The worst-case scenario is that Obama actually bases his foreign policy on his ideological beliefs. If he does that, he will leave Iraq prematurely and so enable Iran's effective takeover of the country through its Shiite proxies.
He will botch up Afghanistan and end up enabling an open jihadist takeover of nuclear-armed Pakistan.
He will negotiate with Ahmadinejad, giving Iran the time and political cover to complete its nuclear program and test its nuclear weapon, and he will then refuse to assist Israel in attacking the Iranian nuclear program thus escalating the threat of an Iranian nuclear attack on Israel and Iranian nuclear blackmail of the Middle East and Europe.
He will press Israel to curtail its counter-terror activities towards the Palestinians and so enable a Hamas-Iranian takeover of the West Bank. This in turn will precipitate the expansion of the missile war against Israel from Gaza to the West Bank and so place Israel's major urban centers and its international airport at risk.
While he will simply roll over a left-leaning Israeli government like the current one while protesting his enduring commitment to Israel's security, if a Likud-led government is installed during his tenure and tries to extricate Israel from the failed "land-for-peace," policy paradigm while gearing up to attack Iran's nuclear facilities, he will treat the government with hostility and strengthen the position of Israel's enemies in his administration. This in turn will weaken the social and political standing of American Jews who will find themselves under unprecedented and unjustified suspicion of disloyalty due to their support for Israel.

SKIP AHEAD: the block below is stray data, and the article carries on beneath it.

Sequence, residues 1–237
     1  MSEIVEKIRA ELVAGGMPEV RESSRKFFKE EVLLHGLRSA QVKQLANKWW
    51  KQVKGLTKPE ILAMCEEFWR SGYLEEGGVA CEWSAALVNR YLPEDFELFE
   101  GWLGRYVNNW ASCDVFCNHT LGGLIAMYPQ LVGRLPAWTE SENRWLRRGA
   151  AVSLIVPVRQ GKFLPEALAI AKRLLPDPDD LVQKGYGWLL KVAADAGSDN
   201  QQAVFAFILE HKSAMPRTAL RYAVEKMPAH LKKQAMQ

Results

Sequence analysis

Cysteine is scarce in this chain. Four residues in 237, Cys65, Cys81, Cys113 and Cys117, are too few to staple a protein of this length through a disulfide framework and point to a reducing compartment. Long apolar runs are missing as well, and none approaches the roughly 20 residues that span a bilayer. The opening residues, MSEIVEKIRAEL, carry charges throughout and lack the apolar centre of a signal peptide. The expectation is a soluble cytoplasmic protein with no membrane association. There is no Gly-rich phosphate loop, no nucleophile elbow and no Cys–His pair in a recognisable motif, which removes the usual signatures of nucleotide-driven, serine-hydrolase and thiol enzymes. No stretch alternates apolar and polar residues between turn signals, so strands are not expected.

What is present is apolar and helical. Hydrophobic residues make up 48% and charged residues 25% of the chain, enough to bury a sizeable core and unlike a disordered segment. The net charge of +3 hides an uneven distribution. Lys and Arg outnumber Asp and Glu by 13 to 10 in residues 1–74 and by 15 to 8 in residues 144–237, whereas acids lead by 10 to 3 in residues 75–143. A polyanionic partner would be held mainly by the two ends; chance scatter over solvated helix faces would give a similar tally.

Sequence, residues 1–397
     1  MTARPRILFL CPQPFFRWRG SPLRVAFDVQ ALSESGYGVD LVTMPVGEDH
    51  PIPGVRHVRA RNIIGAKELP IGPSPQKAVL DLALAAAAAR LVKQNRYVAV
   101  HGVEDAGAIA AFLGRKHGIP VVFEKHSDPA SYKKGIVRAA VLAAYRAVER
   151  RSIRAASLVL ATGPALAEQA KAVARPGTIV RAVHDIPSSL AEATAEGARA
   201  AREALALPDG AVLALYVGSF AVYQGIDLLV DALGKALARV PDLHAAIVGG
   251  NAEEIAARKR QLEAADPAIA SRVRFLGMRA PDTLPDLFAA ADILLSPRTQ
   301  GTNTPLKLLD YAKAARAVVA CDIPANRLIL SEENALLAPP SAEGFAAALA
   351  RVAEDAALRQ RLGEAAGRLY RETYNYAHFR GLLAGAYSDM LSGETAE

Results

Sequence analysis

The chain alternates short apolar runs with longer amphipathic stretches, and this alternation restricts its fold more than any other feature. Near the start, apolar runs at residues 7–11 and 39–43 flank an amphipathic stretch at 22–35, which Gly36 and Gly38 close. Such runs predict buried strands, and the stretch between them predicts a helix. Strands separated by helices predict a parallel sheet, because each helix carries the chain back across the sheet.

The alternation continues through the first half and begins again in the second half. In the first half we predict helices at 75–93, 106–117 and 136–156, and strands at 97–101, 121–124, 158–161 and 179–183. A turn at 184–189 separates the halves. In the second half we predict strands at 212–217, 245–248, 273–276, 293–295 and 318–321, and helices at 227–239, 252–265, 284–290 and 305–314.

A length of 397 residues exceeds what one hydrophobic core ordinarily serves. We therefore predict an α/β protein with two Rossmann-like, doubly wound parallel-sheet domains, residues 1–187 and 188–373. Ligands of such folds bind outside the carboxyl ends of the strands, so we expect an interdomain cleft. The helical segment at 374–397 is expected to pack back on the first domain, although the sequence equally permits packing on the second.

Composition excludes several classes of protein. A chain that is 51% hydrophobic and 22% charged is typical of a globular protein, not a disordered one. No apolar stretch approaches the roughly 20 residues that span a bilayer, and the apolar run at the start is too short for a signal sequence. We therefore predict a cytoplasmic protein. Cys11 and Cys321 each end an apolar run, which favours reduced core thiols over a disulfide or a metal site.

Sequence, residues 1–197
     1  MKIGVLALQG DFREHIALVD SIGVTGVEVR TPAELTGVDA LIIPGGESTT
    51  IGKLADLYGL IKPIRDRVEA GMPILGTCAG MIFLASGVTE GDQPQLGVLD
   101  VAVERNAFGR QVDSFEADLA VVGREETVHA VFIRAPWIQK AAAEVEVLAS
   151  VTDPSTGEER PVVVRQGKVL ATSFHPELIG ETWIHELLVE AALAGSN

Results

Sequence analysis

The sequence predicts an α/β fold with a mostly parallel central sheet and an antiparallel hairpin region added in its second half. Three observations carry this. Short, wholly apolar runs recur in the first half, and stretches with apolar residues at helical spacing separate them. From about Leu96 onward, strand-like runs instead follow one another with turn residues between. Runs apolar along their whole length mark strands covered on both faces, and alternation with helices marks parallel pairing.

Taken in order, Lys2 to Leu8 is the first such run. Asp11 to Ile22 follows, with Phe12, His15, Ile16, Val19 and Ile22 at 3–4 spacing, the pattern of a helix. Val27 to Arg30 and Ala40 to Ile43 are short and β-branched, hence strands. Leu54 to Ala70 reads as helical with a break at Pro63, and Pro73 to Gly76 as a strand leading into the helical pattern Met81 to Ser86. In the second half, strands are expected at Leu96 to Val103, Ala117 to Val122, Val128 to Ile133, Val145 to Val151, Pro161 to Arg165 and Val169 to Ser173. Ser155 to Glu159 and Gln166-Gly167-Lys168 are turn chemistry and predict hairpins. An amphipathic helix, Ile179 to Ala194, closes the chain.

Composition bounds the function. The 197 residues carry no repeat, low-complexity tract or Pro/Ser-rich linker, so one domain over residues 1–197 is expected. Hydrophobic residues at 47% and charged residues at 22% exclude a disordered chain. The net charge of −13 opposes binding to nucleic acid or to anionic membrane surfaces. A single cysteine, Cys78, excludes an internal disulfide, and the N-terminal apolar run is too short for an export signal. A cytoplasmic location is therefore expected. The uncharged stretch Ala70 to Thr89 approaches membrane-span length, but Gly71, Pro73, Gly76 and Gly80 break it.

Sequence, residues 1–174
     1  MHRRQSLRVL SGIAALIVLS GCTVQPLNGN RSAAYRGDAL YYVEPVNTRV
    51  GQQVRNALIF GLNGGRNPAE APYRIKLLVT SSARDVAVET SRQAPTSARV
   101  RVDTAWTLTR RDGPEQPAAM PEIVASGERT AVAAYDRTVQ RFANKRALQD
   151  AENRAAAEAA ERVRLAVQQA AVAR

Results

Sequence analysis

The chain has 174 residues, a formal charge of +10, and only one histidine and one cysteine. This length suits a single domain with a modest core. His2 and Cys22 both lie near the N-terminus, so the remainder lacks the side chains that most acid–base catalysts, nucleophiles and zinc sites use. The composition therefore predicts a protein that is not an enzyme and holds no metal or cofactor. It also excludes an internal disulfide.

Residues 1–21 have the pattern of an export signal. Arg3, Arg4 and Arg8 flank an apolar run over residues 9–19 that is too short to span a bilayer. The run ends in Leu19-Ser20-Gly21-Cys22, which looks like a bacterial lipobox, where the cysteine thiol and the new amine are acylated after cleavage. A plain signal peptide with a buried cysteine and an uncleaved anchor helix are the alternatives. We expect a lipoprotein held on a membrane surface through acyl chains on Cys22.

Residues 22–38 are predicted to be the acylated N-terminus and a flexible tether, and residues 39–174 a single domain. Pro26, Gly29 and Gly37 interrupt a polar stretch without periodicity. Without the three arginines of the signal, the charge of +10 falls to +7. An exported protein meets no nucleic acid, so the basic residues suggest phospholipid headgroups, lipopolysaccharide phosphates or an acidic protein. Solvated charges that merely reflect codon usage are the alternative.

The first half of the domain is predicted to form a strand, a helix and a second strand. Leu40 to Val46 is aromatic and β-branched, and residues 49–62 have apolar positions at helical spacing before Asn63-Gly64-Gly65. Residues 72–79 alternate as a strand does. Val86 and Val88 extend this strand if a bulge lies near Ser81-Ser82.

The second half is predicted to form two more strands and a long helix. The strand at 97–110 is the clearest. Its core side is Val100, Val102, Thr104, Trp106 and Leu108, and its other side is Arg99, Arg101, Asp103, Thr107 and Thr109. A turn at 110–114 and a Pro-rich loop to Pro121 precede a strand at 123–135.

As in all things, the reality of an Obama presidency is difficult to predict and may well fall somewhere between these two extremes.